Mistake No. 3: Your Reference Policy
What kind of reference information can you give for an employee that was fired or left on bad terms? When employment relationships collapse, employees who depart or are fired, and later have trouble landing new jobs tend to suspect that the company is saying negative things about them to job prospects or has somehow blacklisted them to prevent them from gaining new employment.
In fact, online reference-checking services exist by which a company, for a fee paid by the departing employee, will call an employer and pretend to be a prospective employer of the former employee, asking questions about the departed employee and trying to goad the company into saying very negative things about the employee.
In California, blacklisting an employee or providing false reference information can result in a lawsuit by the employee. The best way to avoid these problems is to have a policy clearly explaining what information is provided when prospective employers call and what reference information should be given. Generally, this should almost always simply be limited to the employee’s name, title, last rate of pay, begin date, and end-date — and nothing further. Generally, the absence of positive reference information implies that none such exists, which is a better approach to take than affirmatively providing negative reference information.
Once such a policy is in place, dealing with the questions asked by a prospective employer of a problem employee is easy — you can give the information listed above and simply state that it is the company’s policy not to divulge any other information.
Mistake No. 4: Inadequate Complaint Process
In California and many other states, employees can raise an independently separate claim for harassment or discrimination if the employer failed to do anything to prevent or rectify the harassment/discrimination. In many harassment or discrimination cases, the employee often only tells a single superior (in many cases a direct manager or supervisor), rather than following the company’s procedures – if such procedures exist. This also occurs in cases in which the perpetrator is the employee’s direct supervisor. In either scenario, companies must ensure that their handbook is clear in providing an avenue for the grievance to be raised. Many small business handbooks simply contain statements that harassment, discrimination, or similar conduct will not be tolerated, and that offensive conduct should be reported — but they do not say to whom reports should be made, how, or in what manner. Providing greater clarity about the appropriate grievance procedures can help give a company extra defense if problems arise later on. As always, reports of complaints should be treated with 100% confidentiality.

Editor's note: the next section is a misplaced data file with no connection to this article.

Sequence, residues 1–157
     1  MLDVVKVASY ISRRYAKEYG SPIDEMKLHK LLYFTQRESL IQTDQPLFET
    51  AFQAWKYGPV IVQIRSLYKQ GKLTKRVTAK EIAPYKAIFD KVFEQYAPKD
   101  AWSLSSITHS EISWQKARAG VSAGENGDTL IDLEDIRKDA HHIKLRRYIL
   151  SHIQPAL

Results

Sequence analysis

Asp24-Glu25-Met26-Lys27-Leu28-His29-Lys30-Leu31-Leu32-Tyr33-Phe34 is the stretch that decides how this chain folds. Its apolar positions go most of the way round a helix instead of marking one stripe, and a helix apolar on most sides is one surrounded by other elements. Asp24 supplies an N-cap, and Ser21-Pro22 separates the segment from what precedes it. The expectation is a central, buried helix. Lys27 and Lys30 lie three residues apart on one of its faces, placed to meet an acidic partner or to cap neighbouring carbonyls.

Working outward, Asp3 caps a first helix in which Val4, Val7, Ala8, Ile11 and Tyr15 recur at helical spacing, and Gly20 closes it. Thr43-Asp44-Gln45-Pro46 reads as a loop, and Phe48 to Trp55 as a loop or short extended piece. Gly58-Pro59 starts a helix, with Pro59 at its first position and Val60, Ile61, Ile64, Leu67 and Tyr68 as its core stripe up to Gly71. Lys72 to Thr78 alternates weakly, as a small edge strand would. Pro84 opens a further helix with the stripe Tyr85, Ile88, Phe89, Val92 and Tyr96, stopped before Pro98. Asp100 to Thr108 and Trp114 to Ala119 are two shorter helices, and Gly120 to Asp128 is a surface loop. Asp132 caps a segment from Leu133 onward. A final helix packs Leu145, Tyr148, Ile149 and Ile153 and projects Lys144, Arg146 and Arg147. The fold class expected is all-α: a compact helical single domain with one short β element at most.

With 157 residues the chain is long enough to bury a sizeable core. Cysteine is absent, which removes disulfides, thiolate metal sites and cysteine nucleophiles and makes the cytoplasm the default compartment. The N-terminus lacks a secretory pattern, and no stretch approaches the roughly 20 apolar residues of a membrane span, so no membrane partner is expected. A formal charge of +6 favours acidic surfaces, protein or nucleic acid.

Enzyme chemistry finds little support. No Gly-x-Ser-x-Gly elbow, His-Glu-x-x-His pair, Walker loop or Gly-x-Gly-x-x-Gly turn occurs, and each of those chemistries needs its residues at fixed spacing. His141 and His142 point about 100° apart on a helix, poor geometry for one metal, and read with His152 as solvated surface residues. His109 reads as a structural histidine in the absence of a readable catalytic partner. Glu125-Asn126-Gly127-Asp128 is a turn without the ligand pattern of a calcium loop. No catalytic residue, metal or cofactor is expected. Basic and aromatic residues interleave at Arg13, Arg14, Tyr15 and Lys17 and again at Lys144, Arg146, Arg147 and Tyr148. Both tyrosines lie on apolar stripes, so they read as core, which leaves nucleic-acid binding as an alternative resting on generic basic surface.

Mistake No. 5: Out of Compliance with California’s Confusing Labor Laws
Did you know that California employees can be entitled to up to over a dozen different types of leaves? Do you know how often breaks, meals, and rest periods are required to be provided, in what frequencies, whether they are to be paid, unpaid, and how long they must occur?
California labor and wage/hour laws are some of the most confusing in the world. To make things even more difficult, every year, California adds a flurry of new labor laws and compliance requirements for employers, and the myriad of rules and regulations are only further complicated by California court cases that shape employer obligations, as well as actions taken by the National Labor Relations Board.
Whether it involves defining the workweek, addressing overtime, meal/rest breaks, medical leave time, vacation policies, uniform requirements, seating, off-clock work, or countless other labor law issues, the complex and interconnected web of employer obligations seem like a field of landmines, with expensive repercussions, including statutory and civil penalties. Even just a few unintentional mistakes, when coupled with waiting time penalties, inaccurate wage statement penalties, and attorneys fees and costs can be come huge.
Getting educated on and making sure your company is in compliance with California’s numerous labor laws and regulations is important — the overwhelming majority of employment related lawsuits tend to be allege labor law and wage/hour violations. Worse yet, California law stiffens penalties for “knowing” violations, turning even small wage/hour issues into potentially catastrophic lawsuits.